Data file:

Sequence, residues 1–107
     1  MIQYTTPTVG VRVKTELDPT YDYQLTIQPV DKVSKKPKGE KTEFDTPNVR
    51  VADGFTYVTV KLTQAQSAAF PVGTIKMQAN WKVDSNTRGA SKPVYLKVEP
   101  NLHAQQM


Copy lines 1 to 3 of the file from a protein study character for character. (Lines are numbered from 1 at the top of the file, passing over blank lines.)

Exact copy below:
Sequence, residues 1–107
     1  MIQYTTPTVG VRVKTELDPT YDYQLTIQPV DKVSKKPKGE KTEFDTPNVR
    51  VADGFTYVTV KLTQAQSAAF PVGTIKMQAN WKVDSNTRGA SKPVYLKVEP